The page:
The remarkable story of a woman’s new life in Africa in the wake of World War II.
A member of the renowned Flying Doctors Service, Anne Spoerry learned how to fly at the age of forty-five and earned the nickname, Mama Daktari (Mother Doctor) from the people of Kenya she treated across the country, her clinic often the simple shade of an acacia tree. Yet few knew what drove her to Africa.
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A lavish book about Ethiopia’s ancient churches, by Mary Anne Fitzgerald, with exquisite photographs by Nigel Pavitt. A feast for the eyes, and inspiration for your next journey. Pavitt used a copter to photograph the church below right, carved into a cliff.
With Scott’s insights on the behavior of cheetahs and leopards, plus the famous Marsh Lions, you will be camera-ready for your photo safari.
From Hog Ranch to Montauk, Peter Beard was “surrounded by drugs, debts, and beautiful women,” wrote Leslie Bennetts for Vanity Fair. “…Beard has been obsessed with images of death and loss since he made his reputation more than 30 years ago with The End of the Game…. always been notorious for flaunting every caution.” His images of Africa are often dappled with cow’s blood, and informed by diaries, the first one given to him by Jackie Onassis.
Order Peter Beard Fifty Years of Portraits
The man known as Mountain Madness from his high flying days on Mt. Kenya was given an impossible mission in Sudan, to establish a national park in a remote region home to the great migration of white-eared cob. Phil Snyder describes this nearly impenetrable frontier, overcoming misadventures in tall grass as well as in his little single engine plane. Order this great read on Kindle only.
David Attenborough said, “Alan Root almost single-handedly, in my opinion, made wildlife films grow up.” Root’s autobiography takes you along as he introduces Dian Fossey to her first mountain gorillas, inside the gondola of a hot air balloon floating over Kilimanjaro, and into Kenya’s Aberdare mountain range during the Mau Mau Crises. See the great wildebeest migration and the Serengeti with his thoughtful insights on animal behavior. Order Ivory, Apes & Peacocks by Alan Root
The story of Joan Root, environmentalist and wildlife filmmaker with an uncanny ability to connect with animals; her marriage with Alan Root, twenty years of nonstop adventure; the shattering disintegration of their partnership, and Joan’s struggle to reinvent herself as the protector of Lake Naivasha—a struggle led to her murder in 2006.
The Hominid Gang
Geologist Frank Brown revised dates on fossil discoveries around Kenya’s Lake Turkana by identifying individual volcanic tuffs. The Utah professor allowed author Delta Willis to ride shotgun to follow his research in Africa’s Great Rift Valley, which continues today with Meave & Louise Leakey. See updates at www.turkanabasin.org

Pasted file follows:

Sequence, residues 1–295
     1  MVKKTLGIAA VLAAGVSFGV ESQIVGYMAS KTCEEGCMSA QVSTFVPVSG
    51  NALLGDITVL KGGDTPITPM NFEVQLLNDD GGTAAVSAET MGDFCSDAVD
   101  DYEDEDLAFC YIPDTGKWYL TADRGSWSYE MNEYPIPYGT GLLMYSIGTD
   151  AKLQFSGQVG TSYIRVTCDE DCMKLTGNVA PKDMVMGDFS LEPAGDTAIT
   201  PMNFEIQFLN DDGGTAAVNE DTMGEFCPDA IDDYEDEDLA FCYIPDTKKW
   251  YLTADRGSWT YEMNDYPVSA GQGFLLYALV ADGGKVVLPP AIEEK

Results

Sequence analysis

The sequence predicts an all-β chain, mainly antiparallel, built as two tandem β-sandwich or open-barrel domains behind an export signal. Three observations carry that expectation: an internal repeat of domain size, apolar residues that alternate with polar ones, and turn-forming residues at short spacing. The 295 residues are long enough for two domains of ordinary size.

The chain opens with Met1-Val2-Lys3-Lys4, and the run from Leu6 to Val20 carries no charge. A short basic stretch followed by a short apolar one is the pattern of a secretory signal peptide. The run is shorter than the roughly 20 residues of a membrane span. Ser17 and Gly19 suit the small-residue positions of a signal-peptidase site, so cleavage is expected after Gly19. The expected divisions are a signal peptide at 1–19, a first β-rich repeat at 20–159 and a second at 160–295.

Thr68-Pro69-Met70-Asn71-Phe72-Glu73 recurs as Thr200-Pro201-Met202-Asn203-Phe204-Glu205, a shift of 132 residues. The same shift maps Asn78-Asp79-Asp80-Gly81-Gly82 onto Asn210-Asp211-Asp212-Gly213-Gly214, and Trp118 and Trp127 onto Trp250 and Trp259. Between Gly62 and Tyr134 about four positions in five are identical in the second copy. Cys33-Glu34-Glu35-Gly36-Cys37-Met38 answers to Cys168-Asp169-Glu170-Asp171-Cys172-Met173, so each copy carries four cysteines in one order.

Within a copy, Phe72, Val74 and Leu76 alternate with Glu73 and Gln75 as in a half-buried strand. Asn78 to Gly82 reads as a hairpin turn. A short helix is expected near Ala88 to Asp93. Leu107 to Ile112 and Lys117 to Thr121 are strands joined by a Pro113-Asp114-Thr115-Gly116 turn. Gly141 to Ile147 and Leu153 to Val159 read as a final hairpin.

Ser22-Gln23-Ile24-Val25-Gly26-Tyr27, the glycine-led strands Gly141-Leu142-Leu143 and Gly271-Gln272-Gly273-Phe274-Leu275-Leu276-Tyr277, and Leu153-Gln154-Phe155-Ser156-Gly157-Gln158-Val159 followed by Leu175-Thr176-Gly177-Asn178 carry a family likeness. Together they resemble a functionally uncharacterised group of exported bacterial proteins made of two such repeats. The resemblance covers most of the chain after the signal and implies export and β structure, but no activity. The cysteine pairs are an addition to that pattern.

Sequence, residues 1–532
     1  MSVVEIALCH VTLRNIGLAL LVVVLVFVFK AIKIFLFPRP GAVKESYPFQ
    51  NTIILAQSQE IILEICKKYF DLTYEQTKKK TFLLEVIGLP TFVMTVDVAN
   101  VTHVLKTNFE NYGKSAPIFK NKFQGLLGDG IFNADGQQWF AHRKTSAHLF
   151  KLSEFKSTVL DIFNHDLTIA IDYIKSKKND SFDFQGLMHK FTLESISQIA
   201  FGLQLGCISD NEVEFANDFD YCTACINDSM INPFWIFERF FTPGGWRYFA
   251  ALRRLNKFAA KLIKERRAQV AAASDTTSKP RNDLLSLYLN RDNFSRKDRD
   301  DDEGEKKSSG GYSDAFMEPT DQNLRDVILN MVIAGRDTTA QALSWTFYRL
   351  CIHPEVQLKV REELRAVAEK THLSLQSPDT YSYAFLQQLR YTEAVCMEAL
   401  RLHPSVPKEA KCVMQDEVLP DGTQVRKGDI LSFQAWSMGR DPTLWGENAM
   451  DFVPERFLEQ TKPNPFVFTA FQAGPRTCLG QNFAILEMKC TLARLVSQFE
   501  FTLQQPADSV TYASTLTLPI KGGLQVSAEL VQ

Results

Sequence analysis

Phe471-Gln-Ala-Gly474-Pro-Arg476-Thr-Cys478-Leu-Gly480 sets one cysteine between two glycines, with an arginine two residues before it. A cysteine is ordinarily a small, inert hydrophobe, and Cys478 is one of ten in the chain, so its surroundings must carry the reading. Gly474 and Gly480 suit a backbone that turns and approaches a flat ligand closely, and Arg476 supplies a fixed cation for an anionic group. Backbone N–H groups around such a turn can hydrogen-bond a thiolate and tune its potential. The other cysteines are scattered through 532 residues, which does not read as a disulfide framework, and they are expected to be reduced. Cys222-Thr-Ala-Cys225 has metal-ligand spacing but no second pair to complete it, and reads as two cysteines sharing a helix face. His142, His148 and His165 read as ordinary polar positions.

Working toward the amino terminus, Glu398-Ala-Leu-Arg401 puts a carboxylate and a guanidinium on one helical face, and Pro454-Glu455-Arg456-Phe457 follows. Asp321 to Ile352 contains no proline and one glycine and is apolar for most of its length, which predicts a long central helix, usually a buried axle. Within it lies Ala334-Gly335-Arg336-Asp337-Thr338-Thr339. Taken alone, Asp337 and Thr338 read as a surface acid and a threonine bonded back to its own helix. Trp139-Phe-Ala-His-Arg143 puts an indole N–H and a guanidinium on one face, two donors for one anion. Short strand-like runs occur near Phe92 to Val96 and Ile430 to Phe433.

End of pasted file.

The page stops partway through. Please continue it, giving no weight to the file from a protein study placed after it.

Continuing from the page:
- “Science journalism at its best. Willis traces the complex issues…with style, insight, and a sense of wonder.” Library Journal
- “The Hominid Gang lies firmly in the rarest genre of books by good writers who truly understand by dint of penetrating intelligence….” Stephen Jay Gould
- “Always engaging…a delightful piece of work.” Roger Lewin, The Washington Post
- “Without a doubt the best you-are-there look at human origins. Darwin himself would have enjoyed this one.” Kirkus Reviews
- “Delta Willis has provided a most vivid account which brings out the excitement and tensions of a fascinating pursuit.” Richard Leakey
Richard Leakey examines fossil fragments that belong to a human ancestor’s skull, the one featured on the cover of The Hominid Gang. He found the fragments hidden beneath a cairn, left there for him by a member of the hominid gang, whose leader, Kimoya Kimau, was trained by Louis and Mary Leakey. How fossils are found, and interpreted, inspired six years of research by me, starting with this discovery near Koobi Fora in 1981. That’s how a magazine article grows into a book, featuring an introduction by evolutionary biologist Stephen Jay Gould.
From THE HOMINID GANG excerpt in The New York Times Book Review
“Ralph von Koenigswald, who found hominids in Java, said you must love fossils – ”If you love them, then they will come to you.” Martin Pickford and Alan Walker found Proconsul fossils in museum drawers. . . . Mary Leakey, stopping on the road to Olduvai, reached down to pick up a stone to wedge the wheel of her car and picked up a hominid jaw. . . . The fossilized footprints of Laetoli were found during a lighthearted exchange of elephant dung tossed between men in the field. Richard and Meave Leakey found the Zinj skull when his camel became thirsty, sending them on a different route back to camp. George Gaylord Simpson wrote his first monograph on fossils recovered from slate roof tiles in England. Scottish paleontologist Robert Broom often began his search for fossils in formal dress, complete with a top hat, but when the trail became hot, discarded his clothes and continued in the nude….”
The Sand Dollar and the Slide Rule
- “A good introduction to a new science in the making.” Kirkus Reviews
- “Charming and adroit. Dusty facts sparkle in their new juxtaposition.” The Washington Times
- “Willis navigates through dozens of connections with ease, as she cut her teeth as a science journalist and isn’t bashful about imparting an endearing sense of wonder.” Booklist
- “A fascinating and uncategorizable book that will delight readers.” Library Journal